Pitch jump probability measures for the analysis of snoring sounds in apnea

Udantha R Abeyratne, Ajith S Wakwella, Craig Hukins
Physiological Measurement 2005, 26 (5): 779-98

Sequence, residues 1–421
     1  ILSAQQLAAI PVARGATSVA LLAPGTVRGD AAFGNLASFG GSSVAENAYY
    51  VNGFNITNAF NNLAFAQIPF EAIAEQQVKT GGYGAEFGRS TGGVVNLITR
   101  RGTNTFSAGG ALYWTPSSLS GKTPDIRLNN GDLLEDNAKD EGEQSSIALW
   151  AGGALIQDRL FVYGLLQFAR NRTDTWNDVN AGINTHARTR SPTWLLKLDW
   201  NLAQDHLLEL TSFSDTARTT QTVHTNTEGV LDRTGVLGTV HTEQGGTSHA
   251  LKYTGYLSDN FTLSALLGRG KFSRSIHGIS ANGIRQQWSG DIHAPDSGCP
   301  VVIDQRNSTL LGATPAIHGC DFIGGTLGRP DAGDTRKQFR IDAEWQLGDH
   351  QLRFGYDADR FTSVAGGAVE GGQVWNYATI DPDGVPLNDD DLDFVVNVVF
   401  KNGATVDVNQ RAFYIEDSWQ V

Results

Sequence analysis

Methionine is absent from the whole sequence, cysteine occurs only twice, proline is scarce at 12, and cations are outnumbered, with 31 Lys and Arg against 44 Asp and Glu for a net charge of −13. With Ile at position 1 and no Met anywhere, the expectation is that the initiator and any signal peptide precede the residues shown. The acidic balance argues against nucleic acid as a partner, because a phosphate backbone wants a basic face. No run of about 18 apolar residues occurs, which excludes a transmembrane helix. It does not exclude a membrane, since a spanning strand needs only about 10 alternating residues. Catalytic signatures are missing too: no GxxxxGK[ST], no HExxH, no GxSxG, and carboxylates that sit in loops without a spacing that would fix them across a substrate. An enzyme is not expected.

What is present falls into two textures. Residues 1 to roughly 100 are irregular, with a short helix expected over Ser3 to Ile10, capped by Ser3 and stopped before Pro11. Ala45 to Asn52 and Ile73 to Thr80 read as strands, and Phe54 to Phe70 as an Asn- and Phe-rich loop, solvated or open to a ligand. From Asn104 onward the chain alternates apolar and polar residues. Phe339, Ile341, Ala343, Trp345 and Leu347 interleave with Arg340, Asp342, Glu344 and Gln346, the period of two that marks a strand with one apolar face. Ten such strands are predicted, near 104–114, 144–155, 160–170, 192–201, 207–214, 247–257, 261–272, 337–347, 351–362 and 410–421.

Obstructive sleep apnea (OSA) is a highly prevalent disease in which upper airways are collapsed during sleep, leading to serious consequences. The gold standard of diagnosis, called polysomnography (PSG), requires a full-night hospital stay connected to over ten channels of measurements requiring physical contact with sensors. PSG is inconvenient, expensive and unsuited for community screening. Snoring is the earliest symptom of OSA, but its potential in clinical diagnosis is not fully recognized yet. Diagnostic systems intent on using snore-related sounds (SRS) face the tough problem of how to define a snore. In this paper, we present a working definition of a snore, and propose algorithms to segment SRS into classes of pure breathing, silence and voiced/unvoiced snores. We propose a novel feature termed the 'intra-snore-pitch-jump' (ISPJ) to diagnose OSA. Working on clinical data, we show that ISPJ delivers OSA detection sensitivities of 86-100% while holding specificity at 50-80%. These numbers indicate that snore sounds and the ISPJ have the potential to be good candidates for a take-home device for OSA screening. Snore sounds have the significant advantage in that they can be conveniently acquired with low-cost non-contact equipment. The segmentation results presented in this paper have been derived using data from eight patients as the training set and another eight patients as the testing set. ISPJ-based OSA detection results have been derived using training data from 16 subjects and testing data from 29 subjects.

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